FIG. 1 is a perspective view of a maritime satellite tracking apparatus embodying the invention;
FIG. 2 is a top view of the antenna apparatus shown in FIG. 1;
FIG. 3 is a rear view of the antenna apparatus illustrated in FIG. 1;
FIG. 4 is a view taken from the right side of the antenna apparatus illustrated in FIG. 1;
FIG. 5 is a view taken from the left side of the antenna apparatus as illustrated in FIG. 1;
FIG. 6 is a perspective view of the arched beam structure in the antenna apparatus illustrated in FIGS. 1-5; and
FIG. 7 is a simplified perspective view of the stable platform and associated apparatus which forms part of the antenna apparatus illustrated in FIG. 1 - 5.
Referring more particularly to FIGS. 1 to 7, there is shown a satellite tracking antenna 10 adapted to be mounted on the top of a mast 12 of a vessel having a satellite communication terminal. This terminal contains equipment for controlling the antenna so that it remains pointed in the direction of the satellite and also for transmitting and receiving messages so as to provide ship-to-ship or ship-to-shore communications via the satellite. The apparatus for pointing the antenna toward the satellite and maintaining the antenna pointed towards the satellite is the subject matter of a related application filed concurrently with this application in the name of Joseph Graham Mobley, Ser. No. 598,492, and assigned to the same assignee as this application.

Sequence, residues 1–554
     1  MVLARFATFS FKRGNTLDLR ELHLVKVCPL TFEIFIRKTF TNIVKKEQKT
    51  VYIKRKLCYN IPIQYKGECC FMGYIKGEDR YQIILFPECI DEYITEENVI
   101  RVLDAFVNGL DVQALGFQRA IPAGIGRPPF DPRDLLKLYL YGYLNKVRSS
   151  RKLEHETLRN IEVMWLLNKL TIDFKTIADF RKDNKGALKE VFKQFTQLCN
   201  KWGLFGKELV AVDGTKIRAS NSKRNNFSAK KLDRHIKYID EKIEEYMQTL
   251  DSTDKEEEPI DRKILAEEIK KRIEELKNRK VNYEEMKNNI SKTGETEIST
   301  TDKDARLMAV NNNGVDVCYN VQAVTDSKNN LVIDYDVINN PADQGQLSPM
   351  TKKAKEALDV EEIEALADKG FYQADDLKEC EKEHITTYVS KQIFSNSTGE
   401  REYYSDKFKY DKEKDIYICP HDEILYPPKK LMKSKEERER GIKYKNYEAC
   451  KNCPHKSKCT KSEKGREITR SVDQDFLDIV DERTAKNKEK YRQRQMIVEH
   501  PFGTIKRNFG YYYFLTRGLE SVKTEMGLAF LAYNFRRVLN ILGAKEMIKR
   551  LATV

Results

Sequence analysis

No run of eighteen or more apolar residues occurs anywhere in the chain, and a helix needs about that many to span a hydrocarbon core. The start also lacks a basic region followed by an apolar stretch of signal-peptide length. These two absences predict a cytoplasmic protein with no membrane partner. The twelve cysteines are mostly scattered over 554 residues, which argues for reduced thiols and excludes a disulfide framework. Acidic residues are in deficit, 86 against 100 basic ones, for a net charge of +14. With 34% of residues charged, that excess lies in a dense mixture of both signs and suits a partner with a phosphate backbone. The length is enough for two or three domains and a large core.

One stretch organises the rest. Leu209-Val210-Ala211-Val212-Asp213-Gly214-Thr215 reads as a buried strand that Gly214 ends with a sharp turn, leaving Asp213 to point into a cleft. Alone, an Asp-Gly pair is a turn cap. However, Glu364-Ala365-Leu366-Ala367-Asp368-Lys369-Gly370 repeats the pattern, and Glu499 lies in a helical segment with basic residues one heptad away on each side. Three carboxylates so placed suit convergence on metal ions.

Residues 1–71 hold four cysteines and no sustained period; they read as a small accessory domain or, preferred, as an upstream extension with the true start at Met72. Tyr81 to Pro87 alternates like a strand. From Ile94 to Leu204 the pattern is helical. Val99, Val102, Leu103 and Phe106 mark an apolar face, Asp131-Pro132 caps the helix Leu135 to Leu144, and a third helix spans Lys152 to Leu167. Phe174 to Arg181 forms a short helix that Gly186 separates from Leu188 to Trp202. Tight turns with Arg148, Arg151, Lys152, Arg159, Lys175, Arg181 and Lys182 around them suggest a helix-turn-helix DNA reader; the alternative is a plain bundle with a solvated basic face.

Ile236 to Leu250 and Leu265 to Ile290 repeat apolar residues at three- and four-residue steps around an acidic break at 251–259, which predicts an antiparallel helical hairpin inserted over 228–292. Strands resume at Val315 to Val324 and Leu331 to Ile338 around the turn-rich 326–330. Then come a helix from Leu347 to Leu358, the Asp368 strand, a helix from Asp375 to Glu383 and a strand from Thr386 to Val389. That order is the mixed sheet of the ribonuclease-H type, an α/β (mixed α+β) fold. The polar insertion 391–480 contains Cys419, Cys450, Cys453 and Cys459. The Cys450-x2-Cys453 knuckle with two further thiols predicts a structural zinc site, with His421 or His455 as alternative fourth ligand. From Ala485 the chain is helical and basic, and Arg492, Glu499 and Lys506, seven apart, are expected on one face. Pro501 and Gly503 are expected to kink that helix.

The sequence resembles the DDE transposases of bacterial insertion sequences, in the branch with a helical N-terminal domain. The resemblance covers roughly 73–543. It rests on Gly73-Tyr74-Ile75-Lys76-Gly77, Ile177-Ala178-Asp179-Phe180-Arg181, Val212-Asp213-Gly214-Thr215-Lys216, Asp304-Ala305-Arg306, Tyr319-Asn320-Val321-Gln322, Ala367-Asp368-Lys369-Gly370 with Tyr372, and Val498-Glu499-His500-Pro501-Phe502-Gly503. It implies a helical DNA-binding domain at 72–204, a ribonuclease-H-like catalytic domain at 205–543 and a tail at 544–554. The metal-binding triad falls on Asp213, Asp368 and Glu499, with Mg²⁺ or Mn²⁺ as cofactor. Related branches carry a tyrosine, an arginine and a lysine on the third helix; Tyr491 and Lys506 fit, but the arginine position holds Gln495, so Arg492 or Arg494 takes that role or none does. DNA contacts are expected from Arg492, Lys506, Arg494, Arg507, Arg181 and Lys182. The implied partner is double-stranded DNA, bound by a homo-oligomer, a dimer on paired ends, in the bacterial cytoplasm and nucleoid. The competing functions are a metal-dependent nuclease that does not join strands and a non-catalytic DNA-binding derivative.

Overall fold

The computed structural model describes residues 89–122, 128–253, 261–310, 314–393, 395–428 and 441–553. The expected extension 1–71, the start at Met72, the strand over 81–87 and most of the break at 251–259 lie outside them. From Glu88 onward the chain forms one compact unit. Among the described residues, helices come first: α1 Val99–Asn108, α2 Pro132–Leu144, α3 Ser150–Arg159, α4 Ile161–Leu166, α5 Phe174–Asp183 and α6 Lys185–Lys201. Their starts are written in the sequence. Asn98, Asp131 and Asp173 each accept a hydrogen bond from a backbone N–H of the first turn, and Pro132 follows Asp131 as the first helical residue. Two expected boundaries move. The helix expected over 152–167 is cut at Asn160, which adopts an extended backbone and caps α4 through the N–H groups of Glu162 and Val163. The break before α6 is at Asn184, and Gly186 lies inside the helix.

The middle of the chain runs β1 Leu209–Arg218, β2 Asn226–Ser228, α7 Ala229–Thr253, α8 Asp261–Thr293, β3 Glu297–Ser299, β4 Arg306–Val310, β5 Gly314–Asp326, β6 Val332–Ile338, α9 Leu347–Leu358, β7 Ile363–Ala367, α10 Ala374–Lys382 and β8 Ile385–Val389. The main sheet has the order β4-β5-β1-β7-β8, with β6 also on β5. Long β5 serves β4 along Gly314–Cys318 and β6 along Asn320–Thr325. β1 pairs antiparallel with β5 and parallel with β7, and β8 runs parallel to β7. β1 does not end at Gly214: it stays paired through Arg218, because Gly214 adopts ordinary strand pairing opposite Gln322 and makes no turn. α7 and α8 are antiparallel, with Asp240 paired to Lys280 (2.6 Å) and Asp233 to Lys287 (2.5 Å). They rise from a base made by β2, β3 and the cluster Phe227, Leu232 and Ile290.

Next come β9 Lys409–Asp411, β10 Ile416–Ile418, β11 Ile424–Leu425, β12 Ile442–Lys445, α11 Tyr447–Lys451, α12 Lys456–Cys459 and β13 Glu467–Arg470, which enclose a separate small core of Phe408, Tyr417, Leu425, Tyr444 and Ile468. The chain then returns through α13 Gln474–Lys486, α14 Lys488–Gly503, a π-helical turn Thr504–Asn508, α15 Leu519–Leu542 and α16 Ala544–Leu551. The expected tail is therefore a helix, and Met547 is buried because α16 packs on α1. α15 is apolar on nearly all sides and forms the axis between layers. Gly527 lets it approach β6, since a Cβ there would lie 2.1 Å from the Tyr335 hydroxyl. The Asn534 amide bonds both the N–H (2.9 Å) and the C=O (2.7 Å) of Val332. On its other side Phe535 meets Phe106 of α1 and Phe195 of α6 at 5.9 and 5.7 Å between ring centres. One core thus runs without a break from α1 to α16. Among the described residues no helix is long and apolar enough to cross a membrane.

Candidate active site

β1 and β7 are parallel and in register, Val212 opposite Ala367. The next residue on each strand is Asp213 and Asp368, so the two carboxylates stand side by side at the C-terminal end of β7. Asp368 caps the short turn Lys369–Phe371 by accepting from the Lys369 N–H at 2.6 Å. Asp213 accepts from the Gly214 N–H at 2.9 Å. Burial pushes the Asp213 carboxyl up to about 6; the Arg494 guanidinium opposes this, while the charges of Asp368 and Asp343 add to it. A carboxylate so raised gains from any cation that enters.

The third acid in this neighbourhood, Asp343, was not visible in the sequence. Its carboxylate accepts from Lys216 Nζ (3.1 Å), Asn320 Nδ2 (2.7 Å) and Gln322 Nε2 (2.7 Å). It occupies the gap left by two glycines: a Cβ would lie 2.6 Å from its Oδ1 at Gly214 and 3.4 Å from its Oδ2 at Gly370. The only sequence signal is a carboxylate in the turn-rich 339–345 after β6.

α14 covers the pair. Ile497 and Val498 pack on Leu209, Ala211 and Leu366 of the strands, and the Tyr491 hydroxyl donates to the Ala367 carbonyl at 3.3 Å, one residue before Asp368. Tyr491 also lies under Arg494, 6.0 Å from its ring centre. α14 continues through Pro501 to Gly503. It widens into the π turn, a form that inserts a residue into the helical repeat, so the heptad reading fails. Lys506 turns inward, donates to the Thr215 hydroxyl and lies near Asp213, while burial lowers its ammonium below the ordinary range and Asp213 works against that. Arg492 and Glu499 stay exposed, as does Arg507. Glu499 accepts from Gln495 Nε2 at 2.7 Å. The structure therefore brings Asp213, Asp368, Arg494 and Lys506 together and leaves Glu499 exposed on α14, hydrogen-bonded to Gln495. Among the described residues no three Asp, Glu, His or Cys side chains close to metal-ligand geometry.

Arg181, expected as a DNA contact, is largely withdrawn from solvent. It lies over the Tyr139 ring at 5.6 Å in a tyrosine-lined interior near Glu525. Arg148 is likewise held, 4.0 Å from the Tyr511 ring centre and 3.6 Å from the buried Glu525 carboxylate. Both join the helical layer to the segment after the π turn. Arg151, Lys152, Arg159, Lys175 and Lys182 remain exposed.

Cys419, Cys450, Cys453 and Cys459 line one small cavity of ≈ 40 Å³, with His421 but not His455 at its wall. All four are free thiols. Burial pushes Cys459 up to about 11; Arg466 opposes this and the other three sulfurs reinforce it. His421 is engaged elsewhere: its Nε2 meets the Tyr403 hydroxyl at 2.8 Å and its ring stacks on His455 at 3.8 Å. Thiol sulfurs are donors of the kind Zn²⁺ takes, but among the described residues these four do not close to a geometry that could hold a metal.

The principal parts of the antenna apparatus are its pedestal arrangement 14, a stable platform arrangement 16 and an antenna structure 18. The stable platform arrangement 16 is generally shown in FIG. 7.
The pedestal arrangement 14 consists of a cylindrical post 20 disposed on a circular base 22. A redome 24 illustrated by the dash lines encloses the entire antenna apparatus and is secured to the base 22. An arrangement of legs and crossbars 26 which may be welded to the post 20 and bolted to the base, supports the post on the base. An arrangement of bolts extending from the bar arrangement 26 through the base 22 secures, through suitable brackets, the base and post to the head of the mast 12.
A U-shaped yoke 27 having side members 28 and 30 in the form of channels (see FIGS. 3 and 7) is secured to the upper end of the post 20. A shaft 32 journaled in these side members 28 and 30 defines the roll axis 40 of the stable platform 16.